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  HOME | Chile

Chilean Church Suspends 14 Priests for Alleged Child Sexual Abuse

SANTIAGO – The Chilean Catholic church suspended on Tuesday 14 priests from the Diocese of the city of Rancagua, close to the Chilean capital, for allegedly being involved in child sex abuse.

The diocese announced its decision in a statement after Chilean TV channel T13 on Friday had leaked a confidential 10-page document uncovering sexual abuse and improper conduct by a group of prelates from Rancagua City, located 90 kilometers south of Santiago.

According to the journalist’s investigation, all of the priests belong to a brotherhood called “La Familia.”

“14 priests have been restricted from their priestly ministry. This means that it has been revealed, mainly by what the media exposed, that these priests have committed actions that can constitute crimes in both the civil and canonical spheres,” Father Marcelo Lorca said in a statement on behalf of the Bishop of Rancagua, Alejandro Goic.

It was also pointed out that “both pastoral and judicial measures” have been adopted.

However, Father Lorca warned that at the moment there is no conclusive record that the actions of the suspended priests constitute crimes from the legal point of view.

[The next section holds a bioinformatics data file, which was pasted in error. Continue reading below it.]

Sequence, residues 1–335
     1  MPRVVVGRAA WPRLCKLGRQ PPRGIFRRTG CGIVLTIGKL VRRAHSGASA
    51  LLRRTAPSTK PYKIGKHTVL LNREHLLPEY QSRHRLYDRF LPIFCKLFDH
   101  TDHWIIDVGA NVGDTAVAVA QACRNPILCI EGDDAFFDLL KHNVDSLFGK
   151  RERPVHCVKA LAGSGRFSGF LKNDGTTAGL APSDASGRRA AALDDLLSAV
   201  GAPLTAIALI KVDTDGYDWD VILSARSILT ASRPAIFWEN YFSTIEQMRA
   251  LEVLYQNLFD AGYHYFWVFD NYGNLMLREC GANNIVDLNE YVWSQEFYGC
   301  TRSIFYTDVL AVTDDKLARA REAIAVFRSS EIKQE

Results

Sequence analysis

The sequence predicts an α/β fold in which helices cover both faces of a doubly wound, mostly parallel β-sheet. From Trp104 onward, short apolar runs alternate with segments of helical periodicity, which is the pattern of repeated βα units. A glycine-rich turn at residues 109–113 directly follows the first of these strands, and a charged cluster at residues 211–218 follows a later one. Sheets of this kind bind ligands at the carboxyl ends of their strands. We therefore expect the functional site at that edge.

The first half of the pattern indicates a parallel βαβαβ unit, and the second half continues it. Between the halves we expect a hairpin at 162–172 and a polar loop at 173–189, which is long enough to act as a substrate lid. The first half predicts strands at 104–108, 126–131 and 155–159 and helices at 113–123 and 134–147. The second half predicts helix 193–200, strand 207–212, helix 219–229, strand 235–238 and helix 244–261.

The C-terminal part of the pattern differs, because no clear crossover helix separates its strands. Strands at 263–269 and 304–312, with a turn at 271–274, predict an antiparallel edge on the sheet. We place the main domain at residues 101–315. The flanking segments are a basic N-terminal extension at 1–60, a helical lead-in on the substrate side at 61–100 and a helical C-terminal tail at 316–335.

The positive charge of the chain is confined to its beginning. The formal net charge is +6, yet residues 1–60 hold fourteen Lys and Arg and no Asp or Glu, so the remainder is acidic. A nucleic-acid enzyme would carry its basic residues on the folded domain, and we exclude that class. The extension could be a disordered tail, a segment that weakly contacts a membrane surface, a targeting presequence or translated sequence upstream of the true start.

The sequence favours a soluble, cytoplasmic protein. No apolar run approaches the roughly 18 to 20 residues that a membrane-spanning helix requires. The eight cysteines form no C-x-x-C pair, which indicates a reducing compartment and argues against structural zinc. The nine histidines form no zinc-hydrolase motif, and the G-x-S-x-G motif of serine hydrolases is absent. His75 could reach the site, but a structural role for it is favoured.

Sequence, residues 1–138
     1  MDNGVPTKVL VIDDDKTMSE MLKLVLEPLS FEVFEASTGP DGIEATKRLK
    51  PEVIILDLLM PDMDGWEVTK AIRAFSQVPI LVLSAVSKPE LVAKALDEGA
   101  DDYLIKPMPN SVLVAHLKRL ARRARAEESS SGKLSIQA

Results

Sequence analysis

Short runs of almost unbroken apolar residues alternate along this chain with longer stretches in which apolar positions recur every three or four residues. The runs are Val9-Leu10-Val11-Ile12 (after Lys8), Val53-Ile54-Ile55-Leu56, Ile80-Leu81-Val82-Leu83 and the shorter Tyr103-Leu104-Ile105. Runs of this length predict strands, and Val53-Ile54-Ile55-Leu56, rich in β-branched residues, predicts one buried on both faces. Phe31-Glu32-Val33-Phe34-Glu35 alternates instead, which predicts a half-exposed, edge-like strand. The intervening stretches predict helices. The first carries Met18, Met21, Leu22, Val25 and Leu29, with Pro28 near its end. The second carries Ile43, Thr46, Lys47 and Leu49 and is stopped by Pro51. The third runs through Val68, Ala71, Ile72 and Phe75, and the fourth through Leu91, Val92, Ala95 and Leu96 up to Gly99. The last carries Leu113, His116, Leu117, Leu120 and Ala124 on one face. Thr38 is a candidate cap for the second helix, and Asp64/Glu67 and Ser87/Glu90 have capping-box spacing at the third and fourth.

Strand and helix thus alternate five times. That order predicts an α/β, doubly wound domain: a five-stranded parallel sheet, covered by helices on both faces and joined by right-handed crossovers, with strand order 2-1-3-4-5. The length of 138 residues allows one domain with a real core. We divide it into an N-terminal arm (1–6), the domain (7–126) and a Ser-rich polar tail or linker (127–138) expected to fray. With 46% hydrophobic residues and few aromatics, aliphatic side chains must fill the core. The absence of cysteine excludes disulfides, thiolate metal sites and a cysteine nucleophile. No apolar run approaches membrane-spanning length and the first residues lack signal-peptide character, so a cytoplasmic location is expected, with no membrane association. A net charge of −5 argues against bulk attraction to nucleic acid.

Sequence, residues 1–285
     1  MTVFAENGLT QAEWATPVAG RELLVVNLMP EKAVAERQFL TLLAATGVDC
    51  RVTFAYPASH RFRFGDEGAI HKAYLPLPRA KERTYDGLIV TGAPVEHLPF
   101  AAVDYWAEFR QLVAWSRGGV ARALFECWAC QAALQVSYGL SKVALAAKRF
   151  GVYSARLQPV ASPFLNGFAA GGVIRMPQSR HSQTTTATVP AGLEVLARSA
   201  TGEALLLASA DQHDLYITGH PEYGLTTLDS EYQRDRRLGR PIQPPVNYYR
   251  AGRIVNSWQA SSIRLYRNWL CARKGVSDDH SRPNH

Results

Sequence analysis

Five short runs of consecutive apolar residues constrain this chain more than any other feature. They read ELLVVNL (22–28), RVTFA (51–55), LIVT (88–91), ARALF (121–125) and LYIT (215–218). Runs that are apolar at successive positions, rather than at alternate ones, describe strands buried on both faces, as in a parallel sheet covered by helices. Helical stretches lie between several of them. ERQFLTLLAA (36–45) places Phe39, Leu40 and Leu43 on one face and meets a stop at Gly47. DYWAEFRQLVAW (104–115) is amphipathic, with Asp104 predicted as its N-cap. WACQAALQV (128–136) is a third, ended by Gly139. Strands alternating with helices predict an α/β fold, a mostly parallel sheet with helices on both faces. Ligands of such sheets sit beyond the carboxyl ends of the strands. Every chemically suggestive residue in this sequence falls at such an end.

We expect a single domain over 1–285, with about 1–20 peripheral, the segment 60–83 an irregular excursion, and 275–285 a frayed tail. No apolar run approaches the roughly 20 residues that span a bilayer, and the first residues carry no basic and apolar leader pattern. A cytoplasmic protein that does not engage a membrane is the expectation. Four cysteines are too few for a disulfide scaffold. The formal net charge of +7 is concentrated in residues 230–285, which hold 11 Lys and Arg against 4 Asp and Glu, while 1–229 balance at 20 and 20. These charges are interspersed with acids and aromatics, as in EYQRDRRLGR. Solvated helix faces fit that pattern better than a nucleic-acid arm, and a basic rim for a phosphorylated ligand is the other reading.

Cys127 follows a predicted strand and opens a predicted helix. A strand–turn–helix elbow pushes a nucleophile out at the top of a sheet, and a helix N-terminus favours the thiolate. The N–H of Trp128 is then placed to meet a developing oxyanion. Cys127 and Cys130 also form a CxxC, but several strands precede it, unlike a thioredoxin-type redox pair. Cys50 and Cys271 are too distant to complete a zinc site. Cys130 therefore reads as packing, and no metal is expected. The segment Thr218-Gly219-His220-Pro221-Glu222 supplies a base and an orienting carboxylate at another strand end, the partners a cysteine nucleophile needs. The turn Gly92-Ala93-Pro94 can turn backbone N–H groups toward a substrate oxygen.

He explained that a complaint was made to the Santa Cruz city Prosecutor’s Office with the information provided by the television channel, and that all the information available to the Diocese will be made available to the Prosecutor’s Office.

“We urge those who have information about the incidents that are not consistent with fidelity to the priesthood to make them known to the respective authorities of the Church,” the statement of the Diocese of Rancagua concluded.

The Diocese of Rancagua’s decision was announced hours after the president of the Episcopal Conference, Santiago Silva, reiterated an apology and asked for forgiveness from the public for the sexual abuse of minors that priest Fernando Karadima had allegedly committed for decades.

Pope Francis summoned the Chilean bishops a few days ago to the Vatican to tackle the South American Church’s muted response to the Karadima’s scandal, which was also allegedly silenced by some of his colleagues, such as the Bishop of Osorno, Juan Barros.

In that meeting, 34 Chilean priests who went to the Vatican acknowledged “serious errors and omissions” in dealing with these situations, and decided to make their positions available to Pope Francis, which will be evaluated by the Pope in the coming weeks.

 

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